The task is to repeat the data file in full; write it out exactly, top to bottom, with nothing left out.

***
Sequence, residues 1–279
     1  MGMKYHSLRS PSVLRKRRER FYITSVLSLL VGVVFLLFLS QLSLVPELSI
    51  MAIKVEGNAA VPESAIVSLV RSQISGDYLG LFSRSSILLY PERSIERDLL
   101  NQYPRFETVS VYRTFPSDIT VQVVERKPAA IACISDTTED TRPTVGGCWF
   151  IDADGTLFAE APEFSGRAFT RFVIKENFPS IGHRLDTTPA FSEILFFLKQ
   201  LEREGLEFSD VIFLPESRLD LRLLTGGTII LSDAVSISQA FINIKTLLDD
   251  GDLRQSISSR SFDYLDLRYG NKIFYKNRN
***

Sequence, residues 1–279
     1  MGMKYHSLRS PSVLRKRRER FYITSVLSLL VGVVFLLFLS QLSLVPELSI
    51  MAIKVEGNAA VPESAIVSLV RSQISGDYLG LFSRSSILLY PERSIERDLL
   101  NQYPRFETVS VYRTFPSDIT VQVVERKPAA IACISDTTED TRPTVGGCWF
   151  IDADGTLFAE APEFSGRAFT RFVIKENFPS IGHRLDTTPA FSEILFFLKQ
   201  LEREGLEFSD VIFLPESRLD LRLLTGGTII LSDAVSISQA FINIKTLLDD
   251  GDLRQSISSR SFDYLDLRYG NKIFYKNRN